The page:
SWBAT find the area of a compound shape by determining unknown dimensions and decomposing the figure into rectangles.

When a compound shape is decomposed into non-overlapping figures, we can can find and combine the area of each individual shape in order to determine the total area.

7 minutes

Students work on the Think About It problem independently. After 3 minutes of work time, I have the students clap out the correct answer - I say each letter choice and students clap when I say the option they've picked. This gives me a way to quickly check how the class thought about this first problem.

If the majority of claps are for the correct answer choice, I ask for 2 students to read their written responses. If, though, there is not agreement about the correct answer choice, I ask for a student to read his/her justification for each letter (or each letter choice for which there were multiple claps). This gives students an opportunity to share their thoughts in an authentic way. The thinking of one student can be read in this Think About It sample.

20 minutes

This lesson differs from the previous lesson in this unit, in that the compound figures do not have all of the dimensions labeled.

The key points in this lesson are:

- Rectangles have
**opposite**sides that are**equal**in length. -
**sum**of its parts.

There are 4 examples in this Intro to New Material section.

For Example 1, I start by asking students how they might decompose the compound figure. I'm looking for students to say they can split the figure with either a horizontal or vertical line. I ask students what is different about this problem, when compared to the work we did in the previous lesson. I ask students to all decompose the figure all the same way, because we are working through the example together. We decompose this figure vertically. For organization, we number the rectangles as 1 and 2, from left to right.

I ask students to show me on their fingers which rectangle will be easier to find the area of. I expect to see students raise one finger in the air, as rectangle #1 has both dimensions labeled. I ask students to name the length and the width of this triangle. I ask students to turn and talk about why the length of the rectangle isn't 10mm. I then have a student share out. I want students to articulate that 10mm is the length of the entire compound figure, and right now we're dealing with a part of the figure. We talk through how to find the unknown dimension for rectangle #2, using the idea that a whole is the sum of its parts.

Students then find the area of the parts, and then find the area of the compound figure.

I also model for students how to find the area of the same shape by creating a horizontal dotted line as well to demonstrate that both ways will result in the same area for the entire figure.

Example 3 is different from the previous two examples in that both rectangles will have unknown dimensions, no matter which way the figure is decomposed.

Example 4 requires students to apply the concept of compound area o a real-world situation. Part C also asks student to find the perimeter of the compound figure, which gives them an opportunity to use the found dimensions in a different way.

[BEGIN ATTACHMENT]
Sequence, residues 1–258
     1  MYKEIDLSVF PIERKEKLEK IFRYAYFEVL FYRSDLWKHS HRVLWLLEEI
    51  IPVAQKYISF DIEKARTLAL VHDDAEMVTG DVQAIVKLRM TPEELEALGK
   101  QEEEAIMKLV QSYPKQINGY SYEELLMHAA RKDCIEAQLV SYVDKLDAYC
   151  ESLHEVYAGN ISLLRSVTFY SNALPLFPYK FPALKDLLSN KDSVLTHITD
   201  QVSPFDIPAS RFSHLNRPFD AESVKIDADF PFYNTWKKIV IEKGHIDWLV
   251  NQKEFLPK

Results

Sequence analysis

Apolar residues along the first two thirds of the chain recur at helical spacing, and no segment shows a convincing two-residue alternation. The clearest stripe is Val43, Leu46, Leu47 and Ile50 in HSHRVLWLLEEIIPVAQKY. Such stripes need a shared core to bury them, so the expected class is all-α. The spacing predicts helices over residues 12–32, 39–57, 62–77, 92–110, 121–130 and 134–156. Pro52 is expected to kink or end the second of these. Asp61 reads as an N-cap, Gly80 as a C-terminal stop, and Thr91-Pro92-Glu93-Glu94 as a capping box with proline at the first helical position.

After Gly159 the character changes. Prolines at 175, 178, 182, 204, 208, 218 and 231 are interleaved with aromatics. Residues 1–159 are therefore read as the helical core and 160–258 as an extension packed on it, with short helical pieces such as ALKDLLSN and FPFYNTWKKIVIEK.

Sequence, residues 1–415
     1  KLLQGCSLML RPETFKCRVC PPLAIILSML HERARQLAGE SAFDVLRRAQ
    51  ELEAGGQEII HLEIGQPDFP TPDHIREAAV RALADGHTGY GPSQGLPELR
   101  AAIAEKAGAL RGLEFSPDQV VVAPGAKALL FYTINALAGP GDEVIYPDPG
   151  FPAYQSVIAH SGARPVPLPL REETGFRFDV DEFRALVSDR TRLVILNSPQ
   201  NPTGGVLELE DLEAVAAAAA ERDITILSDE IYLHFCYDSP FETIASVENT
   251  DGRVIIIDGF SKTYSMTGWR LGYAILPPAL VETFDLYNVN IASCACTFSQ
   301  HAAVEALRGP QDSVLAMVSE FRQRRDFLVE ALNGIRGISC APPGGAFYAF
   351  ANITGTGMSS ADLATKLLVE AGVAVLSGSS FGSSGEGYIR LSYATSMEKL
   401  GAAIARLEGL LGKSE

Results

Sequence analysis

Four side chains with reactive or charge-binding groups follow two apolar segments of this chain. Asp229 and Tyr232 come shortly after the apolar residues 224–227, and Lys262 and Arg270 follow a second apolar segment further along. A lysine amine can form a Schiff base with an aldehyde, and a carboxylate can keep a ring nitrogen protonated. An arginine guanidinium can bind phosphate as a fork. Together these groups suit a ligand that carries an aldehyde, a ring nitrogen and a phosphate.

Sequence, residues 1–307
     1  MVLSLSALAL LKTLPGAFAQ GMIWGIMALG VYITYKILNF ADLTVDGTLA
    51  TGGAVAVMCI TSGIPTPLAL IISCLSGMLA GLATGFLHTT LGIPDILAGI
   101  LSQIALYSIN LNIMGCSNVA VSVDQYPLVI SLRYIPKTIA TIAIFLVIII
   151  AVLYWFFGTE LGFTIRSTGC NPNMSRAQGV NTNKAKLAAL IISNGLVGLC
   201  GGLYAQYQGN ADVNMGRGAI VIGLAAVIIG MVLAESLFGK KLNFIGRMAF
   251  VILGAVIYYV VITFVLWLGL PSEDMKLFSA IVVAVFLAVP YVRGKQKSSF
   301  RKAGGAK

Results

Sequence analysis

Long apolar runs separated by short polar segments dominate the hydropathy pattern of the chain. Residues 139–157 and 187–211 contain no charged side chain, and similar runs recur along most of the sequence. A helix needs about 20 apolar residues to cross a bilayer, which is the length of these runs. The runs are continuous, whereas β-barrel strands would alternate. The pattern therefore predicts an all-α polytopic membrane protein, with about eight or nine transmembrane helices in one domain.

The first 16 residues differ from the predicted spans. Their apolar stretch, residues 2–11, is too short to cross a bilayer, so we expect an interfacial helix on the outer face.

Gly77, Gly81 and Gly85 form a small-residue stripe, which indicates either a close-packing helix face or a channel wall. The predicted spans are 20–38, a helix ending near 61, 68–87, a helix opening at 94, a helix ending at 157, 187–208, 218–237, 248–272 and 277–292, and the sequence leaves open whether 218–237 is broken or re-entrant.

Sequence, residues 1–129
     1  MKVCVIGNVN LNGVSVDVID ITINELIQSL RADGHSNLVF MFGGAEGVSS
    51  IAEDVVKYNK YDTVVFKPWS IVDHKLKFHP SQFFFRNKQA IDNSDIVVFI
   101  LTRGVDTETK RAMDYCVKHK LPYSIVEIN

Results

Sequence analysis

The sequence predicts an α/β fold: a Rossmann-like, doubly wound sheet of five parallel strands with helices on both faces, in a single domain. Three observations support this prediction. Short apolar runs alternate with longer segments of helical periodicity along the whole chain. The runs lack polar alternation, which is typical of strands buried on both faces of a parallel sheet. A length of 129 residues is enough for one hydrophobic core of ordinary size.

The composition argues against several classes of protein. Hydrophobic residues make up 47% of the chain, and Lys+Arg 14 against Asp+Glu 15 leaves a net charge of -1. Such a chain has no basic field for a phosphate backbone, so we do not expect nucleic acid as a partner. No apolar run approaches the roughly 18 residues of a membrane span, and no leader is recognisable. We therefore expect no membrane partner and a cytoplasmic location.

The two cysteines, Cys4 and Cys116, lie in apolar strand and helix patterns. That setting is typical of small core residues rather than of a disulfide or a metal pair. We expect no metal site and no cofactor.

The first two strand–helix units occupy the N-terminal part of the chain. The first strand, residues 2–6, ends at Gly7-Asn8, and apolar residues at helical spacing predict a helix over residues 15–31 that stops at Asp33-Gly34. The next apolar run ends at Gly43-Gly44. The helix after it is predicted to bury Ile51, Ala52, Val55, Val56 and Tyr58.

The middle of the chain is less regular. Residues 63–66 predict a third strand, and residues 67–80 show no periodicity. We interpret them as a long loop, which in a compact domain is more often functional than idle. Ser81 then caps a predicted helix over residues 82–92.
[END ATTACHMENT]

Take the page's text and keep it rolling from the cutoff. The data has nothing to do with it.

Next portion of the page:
15 minutes

Students work in pairs on the Partner Practice problem set. As students work, I circulate around the room and check in with each student. I am looking for:

- Are students decomposing the figures correctly?
- Are students correctly identifying the dimensions and area of each rectangle?
- Are students organizing work space, using the formula for area for each rectangle?
- Are students correctly identifying the area of the original figure?
- Are students including units?

I'm asking:

- How did you decompose the figure?
- Why can you decompose the figure without altering the area?
- How did you determine the dimensions of each rectangle?
- Show me another way you could have decomposed the figure.
- How did you calculate the area of the figure?
- Why did you use square units?

After 10 minutes of partner practice time, students complete the Check for Understanding problem independently. I cold call on a student to share her/his work on the document camera. The class gives the student positive and constructive feedback on the work. I then ask for a student who decomposed the figure in the other way (either horizontally or vertically, depending on what the first student chose to do) to also share his/her work. The class gives this student feedback as well.

15 minutes

Students work on the Independent Practice problem set. As they work, I am checking to be sure that students are taking the time to decompose the compound figures and organizing their work to find the total area.

I do not give students access to calculators for this lesson. I use this as an opportunity for them to build on their fluency, and practice with decimal operations. I do, though, give calculators to a very small number of students as a support so that the arithmetic is not a barrier to concept mastery (5 of my 87 students for this lesson).

If students finish quickly, I supply them with a clean copy of problem 5, and ask them to decompose the figure into more than two rectangles (using horizontal cuts).

8 minutes

After independent work time, I have students talk with their partners about problem 6. This problem is an application problem, with multiple parts. I want students to have the chance to talk through their responses and ask clarifying questions, if they have them. I circulate around the room and listen in on conversations and clear up any misconceptions that might arise.

Students work on the Exit Ticket to close the lesson. Students may spit the figure vertically, as in this exit ticket sample. They may also might solve problem two split horizontally.